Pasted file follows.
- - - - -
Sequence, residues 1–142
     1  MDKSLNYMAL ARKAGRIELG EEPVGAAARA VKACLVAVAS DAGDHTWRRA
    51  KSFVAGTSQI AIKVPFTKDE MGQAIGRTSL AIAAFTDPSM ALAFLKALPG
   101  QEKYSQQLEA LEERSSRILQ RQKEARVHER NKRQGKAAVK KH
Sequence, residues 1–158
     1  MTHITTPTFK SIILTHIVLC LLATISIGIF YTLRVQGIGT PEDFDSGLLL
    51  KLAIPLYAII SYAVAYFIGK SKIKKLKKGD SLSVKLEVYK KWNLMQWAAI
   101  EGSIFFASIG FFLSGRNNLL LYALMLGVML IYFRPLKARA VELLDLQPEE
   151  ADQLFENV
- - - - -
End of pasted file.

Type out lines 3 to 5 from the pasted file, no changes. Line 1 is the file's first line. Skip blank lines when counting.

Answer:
    51  KSFVAGTSQI AIKVPFTKDE MGQAIGRTSL AIAAFTDPSM ALAFLKALPG
   101  QEKYSQQLEA LEERSSRILQ RQKEARVHER NKRQGKAAVK KH
Sequence, residues 1–158